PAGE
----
You have asked for an opinion as to when cases under O.C.G.A. § 40-6-395(b)(5)(A) are felonies, thus requiring transfer to the superior court for prosecution.
Official Code of Georgia Annotated § 40-6-395 regards fleeing or attempting to elude a police officer and impersonating a law enforcement officer. Code Section 40-6-395(a) states:
It shall be unlawful for any driver of a vehicle willfully to fail or refuse to bring his or her vehicle to a stop or otherwise to flee or attempt to elude a pursuing police vehicle or police officer when given a visual or an audible signal to bring the vehicle to a stop. The signal given by the police officer may be by hand, voice, emergency light, or siren. The officer giving such signal shall be in uniform prominently displaying his or her badge of office, and his or her vehicle shall be appropriately marked showing it to be an official police vehicle.
Subsection (b)(5)(A) states:
Any person violating the provisions of subsection (a) of this Code section who, while fleeing or attempting to elude a pursuing police vehicle or police officer in an attempt to escape arrest for a felony offense other than a violation of this chapter, operates his or her vehicle in excess of 30 miles an hour above the posted speed limit, strikes or collides with another vehicle or a pedestrian, flees in traffic conditions which place the general public at risk of receiving serious injuries, or leaves the state shall be guilty of a felony punishable by a fine of $5,000.00 and imprisonment for not less than one year nor more than five years.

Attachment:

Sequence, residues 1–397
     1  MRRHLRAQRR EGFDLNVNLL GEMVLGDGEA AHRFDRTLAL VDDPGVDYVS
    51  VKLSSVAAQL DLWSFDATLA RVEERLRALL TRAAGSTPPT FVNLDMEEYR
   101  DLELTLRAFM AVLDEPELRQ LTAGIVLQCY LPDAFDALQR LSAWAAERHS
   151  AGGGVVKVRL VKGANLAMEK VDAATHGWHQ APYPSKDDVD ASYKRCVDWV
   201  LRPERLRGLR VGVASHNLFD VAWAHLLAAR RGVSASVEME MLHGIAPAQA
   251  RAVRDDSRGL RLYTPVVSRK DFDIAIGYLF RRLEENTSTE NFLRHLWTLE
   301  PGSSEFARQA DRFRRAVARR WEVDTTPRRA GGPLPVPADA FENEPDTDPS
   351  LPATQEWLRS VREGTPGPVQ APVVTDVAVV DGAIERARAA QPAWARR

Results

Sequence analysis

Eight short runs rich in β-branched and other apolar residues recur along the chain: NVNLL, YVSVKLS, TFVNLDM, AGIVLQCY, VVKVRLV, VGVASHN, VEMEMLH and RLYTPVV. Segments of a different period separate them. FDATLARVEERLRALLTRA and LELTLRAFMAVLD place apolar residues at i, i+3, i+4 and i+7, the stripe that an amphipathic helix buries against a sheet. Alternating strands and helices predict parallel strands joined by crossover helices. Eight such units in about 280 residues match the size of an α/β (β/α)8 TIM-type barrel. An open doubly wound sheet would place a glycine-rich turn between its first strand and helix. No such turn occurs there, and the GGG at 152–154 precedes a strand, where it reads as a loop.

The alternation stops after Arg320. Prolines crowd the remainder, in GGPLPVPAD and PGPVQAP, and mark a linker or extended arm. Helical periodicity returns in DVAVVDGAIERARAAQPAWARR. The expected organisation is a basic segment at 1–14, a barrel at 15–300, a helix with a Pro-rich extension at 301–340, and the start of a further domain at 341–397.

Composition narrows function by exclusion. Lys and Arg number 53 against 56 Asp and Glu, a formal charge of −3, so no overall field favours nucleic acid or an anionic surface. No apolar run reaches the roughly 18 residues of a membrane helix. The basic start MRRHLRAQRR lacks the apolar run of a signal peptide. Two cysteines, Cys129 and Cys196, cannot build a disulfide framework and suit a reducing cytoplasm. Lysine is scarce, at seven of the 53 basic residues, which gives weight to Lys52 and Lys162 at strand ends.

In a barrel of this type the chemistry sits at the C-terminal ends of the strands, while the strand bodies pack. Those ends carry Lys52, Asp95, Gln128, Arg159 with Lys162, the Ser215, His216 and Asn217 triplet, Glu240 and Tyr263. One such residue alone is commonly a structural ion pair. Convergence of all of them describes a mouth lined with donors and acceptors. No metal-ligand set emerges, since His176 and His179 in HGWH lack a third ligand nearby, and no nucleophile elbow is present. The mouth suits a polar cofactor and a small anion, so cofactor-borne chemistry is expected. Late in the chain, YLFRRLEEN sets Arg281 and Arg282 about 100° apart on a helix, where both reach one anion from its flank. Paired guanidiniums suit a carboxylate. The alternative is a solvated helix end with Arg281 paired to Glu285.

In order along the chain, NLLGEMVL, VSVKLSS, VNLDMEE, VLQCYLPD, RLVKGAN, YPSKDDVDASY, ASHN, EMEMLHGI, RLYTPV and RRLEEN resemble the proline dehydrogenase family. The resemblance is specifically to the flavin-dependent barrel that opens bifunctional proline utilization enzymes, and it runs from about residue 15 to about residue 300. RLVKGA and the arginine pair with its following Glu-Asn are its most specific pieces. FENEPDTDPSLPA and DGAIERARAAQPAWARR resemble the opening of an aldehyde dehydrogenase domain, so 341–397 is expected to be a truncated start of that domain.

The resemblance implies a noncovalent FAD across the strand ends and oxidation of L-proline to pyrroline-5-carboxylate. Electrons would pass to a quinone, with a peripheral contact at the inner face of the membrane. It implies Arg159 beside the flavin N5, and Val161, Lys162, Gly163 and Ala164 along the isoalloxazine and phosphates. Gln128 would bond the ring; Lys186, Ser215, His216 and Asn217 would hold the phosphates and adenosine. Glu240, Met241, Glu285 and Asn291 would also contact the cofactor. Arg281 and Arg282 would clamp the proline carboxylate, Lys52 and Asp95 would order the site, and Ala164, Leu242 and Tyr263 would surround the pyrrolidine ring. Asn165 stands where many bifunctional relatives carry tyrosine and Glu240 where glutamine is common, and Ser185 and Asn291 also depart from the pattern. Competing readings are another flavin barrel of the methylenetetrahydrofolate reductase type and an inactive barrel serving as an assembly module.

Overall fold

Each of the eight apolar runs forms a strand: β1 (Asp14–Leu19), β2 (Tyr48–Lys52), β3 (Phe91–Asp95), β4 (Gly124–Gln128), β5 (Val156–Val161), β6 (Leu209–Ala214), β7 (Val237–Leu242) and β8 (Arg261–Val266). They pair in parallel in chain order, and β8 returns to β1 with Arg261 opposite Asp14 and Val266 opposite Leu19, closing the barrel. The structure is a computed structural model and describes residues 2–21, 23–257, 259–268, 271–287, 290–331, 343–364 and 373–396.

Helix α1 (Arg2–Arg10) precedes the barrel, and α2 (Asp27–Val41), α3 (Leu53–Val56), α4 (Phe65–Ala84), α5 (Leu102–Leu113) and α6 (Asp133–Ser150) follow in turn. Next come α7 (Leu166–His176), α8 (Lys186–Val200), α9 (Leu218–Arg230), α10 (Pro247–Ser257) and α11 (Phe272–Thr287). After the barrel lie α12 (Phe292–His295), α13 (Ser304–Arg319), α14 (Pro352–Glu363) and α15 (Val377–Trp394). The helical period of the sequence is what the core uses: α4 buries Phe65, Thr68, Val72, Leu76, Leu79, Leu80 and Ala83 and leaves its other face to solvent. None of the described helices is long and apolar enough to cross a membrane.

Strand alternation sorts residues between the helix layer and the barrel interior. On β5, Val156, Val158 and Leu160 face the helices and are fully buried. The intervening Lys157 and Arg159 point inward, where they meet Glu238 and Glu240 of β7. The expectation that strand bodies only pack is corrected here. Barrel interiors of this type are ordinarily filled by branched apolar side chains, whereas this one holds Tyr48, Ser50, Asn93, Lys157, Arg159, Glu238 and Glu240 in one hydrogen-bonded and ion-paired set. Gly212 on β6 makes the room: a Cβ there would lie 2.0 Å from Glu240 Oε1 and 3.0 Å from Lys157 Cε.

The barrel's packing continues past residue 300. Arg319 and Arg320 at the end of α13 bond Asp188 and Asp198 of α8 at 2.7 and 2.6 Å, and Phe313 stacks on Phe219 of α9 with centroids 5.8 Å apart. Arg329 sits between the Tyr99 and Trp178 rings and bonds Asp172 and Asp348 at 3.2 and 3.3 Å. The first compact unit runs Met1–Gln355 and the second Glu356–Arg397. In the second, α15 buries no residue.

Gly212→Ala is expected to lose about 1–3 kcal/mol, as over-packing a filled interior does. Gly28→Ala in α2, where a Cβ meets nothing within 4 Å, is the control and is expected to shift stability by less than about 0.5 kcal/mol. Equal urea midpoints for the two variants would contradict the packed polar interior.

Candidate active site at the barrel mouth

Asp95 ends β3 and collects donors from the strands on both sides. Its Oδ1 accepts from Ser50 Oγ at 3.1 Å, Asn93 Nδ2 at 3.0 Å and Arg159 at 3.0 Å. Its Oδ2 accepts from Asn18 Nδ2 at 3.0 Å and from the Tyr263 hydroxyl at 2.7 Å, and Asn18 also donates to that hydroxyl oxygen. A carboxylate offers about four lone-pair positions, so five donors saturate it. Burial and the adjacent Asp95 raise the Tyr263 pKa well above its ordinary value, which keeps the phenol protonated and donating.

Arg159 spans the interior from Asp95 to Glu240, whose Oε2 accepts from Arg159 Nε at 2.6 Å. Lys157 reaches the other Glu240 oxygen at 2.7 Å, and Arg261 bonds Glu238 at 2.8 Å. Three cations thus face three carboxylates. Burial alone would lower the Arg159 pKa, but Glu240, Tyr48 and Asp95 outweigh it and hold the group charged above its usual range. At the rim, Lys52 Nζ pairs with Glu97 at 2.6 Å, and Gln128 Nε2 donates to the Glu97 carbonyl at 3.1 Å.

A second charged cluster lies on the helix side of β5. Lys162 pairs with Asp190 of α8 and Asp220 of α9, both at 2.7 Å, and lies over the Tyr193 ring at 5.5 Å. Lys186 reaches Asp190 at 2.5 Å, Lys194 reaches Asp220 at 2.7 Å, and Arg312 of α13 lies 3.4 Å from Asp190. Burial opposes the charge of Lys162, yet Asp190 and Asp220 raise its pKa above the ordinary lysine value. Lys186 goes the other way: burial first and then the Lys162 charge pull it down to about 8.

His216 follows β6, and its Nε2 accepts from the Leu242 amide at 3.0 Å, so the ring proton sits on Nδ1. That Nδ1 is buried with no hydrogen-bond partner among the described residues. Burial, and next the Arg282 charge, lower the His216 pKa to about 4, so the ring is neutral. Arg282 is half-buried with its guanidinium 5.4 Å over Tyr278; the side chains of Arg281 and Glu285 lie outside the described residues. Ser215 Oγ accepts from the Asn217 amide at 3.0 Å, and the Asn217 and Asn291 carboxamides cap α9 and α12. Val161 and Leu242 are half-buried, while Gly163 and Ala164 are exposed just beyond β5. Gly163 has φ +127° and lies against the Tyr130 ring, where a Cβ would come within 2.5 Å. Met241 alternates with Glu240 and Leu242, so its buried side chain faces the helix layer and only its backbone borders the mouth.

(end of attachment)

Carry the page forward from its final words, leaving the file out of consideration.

There are three elements required by O.C.G.A. § 40-6-395(b)(5)(A) to have a felony. First, Subsection (a) of 40-6-395 must be violated. A driver must willfully fail or refuse to stop his vehicle or otherwise flee or attempt to elude the police when given a visual or audible signal to bring the vehicle to a stop.
Second, the driver must be trying to escape arrest for a felony offense other than a violation of Chapter 6 of Title 40, the Uniform Rules of the Road. If the driver is fleeing to avoid arrest for a violation of a uniform rule of the road which is a felony, Code Section 40-6-395(b)(5)(A) would not apply. However, if the driver is fleeing because he committed a felony other than those specified in the Uniform Rules of the Road, Subsection (b)(5)(A) would apply.
Finally, the driver must perform one of four prohibited acts. He must (1) drive in excess of thirty miles an hour above the posted speed limit; (2) strike or collide with another vehicle or pedestrian; (3) flee in traffic conditions which place the general public at risk of receiving serious injuries; or (4) leave the state.
If each of the three elements are satisfied, the case is a felony and should be transferred to superior court for prosecution.
LAURA JONES FRENCH
Assistant Attorney General